I love maps. The GPS in the car may be a tactical tool, but I still rely on paper maps to plan the strategic aspects of a road trip. Maps and charts also tell stories, and historical maps capture moments in time.
On my desk sits a map-covered tissue box. Yellowed with age, it was created around 1977 when my mother and I wallpapered a bathroom with maps from an epic multi-state trip taken the summer before. The map used for the tissue box represents my home town at the time. Looking at it now, it’s amazing to see how many changes in the roads and freeways have occurred over the last 45 years or so!
As a private pilot, I also relied on aviation sectional charts to find my way from airport to airport and Jeppesen approach charts to safely land when I got there. GPS makes the job much easier now, but they don’t tell the stories paper charts tell. Follow the railroad for example, and see where the old towns were before the Interstates passed them by. The chart shows a big letter on a hill … what does that stand for?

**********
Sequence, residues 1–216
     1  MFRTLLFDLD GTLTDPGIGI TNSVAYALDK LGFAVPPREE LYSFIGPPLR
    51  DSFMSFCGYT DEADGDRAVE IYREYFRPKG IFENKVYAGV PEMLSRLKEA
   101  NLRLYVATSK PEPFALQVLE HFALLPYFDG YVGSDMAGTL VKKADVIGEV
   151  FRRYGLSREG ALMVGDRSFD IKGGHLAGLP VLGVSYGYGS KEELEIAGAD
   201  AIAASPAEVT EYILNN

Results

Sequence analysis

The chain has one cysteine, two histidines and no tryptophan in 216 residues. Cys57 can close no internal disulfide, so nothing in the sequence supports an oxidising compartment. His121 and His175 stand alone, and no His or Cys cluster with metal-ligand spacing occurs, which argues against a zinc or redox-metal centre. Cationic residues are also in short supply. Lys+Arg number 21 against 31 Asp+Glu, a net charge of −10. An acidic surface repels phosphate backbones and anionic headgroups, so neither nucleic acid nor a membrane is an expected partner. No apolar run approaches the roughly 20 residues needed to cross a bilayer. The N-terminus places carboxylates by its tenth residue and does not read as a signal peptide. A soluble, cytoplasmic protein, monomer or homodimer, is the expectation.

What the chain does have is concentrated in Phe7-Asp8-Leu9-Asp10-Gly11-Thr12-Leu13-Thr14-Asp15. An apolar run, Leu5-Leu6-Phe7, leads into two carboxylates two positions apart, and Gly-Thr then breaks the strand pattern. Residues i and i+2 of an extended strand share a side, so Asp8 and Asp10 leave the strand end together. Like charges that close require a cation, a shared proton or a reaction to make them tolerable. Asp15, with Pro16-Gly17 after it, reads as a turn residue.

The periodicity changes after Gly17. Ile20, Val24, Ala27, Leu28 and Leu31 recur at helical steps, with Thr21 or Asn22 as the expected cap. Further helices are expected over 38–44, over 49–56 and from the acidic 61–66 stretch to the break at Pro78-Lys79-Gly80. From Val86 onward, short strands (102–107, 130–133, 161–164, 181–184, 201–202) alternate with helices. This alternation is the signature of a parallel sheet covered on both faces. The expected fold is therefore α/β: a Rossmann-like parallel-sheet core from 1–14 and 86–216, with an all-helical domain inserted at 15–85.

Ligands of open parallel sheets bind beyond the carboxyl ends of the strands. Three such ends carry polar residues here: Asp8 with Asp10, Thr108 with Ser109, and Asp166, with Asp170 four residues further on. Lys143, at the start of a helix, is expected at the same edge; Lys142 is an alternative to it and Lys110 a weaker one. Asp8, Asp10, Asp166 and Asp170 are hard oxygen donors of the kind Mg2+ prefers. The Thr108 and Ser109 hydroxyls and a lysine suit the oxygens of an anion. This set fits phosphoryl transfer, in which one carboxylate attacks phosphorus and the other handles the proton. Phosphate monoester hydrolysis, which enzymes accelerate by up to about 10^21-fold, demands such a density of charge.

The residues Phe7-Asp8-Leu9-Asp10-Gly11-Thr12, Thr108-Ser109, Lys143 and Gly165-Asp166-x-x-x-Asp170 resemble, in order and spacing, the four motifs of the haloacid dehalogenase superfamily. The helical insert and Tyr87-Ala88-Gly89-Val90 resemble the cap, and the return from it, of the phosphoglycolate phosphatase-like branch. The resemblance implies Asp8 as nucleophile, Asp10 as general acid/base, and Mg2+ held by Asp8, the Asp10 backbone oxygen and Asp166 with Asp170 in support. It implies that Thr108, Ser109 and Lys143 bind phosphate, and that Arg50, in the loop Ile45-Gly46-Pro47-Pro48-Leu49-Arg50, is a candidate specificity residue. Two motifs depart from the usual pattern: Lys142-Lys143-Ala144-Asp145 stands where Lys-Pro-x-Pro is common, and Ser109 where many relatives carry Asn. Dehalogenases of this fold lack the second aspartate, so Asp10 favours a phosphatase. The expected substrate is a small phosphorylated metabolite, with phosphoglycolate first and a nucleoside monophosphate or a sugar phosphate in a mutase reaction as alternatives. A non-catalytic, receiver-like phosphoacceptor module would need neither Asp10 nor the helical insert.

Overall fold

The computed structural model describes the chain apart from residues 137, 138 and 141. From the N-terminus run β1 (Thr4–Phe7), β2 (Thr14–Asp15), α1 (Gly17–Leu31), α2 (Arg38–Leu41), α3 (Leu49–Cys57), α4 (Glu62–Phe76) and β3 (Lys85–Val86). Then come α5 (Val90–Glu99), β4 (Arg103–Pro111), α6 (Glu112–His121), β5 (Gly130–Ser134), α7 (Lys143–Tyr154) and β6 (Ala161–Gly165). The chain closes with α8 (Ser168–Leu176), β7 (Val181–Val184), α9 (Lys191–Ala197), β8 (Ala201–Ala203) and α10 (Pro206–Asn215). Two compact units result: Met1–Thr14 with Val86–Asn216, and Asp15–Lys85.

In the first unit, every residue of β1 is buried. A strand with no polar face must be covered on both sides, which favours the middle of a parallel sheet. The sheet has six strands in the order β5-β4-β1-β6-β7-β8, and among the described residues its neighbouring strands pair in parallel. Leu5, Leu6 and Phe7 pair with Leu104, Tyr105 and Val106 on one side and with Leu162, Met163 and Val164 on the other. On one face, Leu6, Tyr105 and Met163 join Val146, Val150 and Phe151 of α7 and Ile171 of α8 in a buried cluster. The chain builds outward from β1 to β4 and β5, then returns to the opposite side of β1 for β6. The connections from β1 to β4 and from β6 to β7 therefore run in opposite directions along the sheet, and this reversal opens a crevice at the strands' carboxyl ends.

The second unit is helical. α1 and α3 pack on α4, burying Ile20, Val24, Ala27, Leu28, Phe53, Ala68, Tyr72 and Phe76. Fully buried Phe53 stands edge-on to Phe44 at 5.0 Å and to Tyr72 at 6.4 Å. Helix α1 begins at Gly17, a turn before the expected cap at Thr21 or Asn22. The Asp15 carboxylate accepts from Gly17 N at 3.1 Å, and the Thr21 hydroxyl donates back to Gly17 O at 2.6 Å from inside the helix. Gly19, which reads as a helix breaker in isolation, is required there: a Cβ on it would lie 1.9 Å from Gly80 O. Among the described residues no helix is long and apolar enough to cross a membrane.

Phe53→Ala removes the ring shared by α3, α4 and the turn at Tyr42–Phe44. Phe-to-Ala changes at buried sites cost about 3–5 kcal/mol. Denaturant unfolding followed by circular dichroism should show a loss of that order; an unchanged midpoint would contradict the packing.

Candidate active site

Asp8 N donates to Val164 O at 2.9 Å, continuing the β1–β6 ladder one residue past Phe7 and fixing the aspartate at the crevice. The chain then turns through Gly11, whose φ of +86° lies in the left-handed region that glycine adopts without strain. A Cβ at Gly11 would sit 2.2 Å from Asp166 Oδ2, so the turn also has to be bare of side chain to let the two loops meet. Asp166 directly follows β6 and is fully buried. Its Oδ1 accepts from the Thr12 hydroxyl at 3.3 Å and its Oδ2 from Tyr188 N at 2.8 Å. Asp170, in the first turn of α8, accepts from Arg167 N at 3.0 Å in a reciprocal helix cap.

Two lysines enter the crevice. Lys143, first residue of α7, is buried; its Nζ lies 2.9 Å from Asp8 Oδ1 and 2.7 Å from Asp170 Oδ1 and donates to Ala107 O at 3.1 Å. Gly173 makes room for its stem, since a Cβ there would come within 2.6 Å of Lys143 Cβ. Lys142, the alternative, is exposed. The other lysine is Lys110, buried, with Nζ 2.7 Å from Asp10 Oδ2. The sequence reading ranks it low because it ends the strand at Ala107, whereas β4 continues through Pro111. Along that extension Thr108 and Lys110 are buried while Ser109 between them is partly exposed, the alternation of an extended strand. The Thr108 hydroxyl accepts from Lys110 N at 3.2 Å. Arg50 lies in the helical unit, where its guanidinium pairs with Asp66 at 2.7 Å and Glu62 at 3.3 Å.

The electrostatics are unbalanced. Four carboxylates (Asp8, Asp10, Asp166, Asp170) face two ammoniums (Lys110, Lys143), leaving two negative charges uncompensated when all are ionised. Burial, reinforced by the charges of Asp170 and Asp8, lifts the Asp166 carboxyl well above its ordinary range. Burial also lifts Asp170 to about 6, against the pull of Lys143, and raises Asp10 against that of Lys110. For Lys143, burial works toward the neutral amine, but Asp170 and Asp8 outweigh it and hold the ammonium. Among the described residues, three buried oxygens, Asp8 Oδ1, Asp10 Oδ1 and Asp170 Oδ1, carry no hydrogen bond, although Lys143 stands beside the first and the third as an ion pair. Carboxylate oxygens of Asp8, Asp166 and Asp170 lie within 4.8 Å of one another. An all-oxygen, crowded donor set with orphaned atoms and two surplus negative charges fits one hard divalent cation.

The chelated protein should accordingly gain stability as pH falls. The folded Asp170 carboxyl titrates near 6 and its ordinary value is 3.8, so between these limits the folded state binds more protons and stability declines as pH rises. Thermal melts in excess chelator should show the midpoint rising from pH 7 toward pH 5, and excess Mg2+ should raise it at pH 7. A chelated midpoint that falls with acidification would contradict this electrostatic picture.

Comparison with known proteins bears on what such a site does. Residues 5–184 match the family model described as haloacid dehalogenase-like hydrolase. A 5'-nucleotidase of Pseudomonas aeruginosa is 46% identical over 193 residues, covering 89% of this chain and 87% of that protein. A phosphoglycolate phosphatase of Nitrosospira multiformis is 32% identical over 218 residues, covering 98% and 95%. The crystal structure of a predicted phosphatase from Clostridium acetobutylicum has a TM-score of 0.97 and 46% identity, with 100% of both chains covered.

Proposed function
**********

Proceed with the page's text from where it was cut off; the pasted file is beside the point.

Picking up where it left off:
Years ago, I found an aviation chart dated October 15, 1942 for sale on eBay. Originally priced at 25 cents, I bought it for $7 and spent another $200 or so framing it. It, too, represents some moments in time and showcases the old “four course radio range” navigation system aviators used back then, which fell out of favor more than 60 years ago as new technologies improved efficiency and safety.
I’m a sucker for old maps found in antique stores. Often available for a buck or less, I’ll often pick one or two on our travels to capture the historical nature of places we’ve been. Sadly, too many of these remain in a box or drawer, but every now and then I’ll break them out just to look for those stories, and they make me smile.
There’s a whole world out there waiting to be explored. Let the old maps charting your journey teach you a little history!
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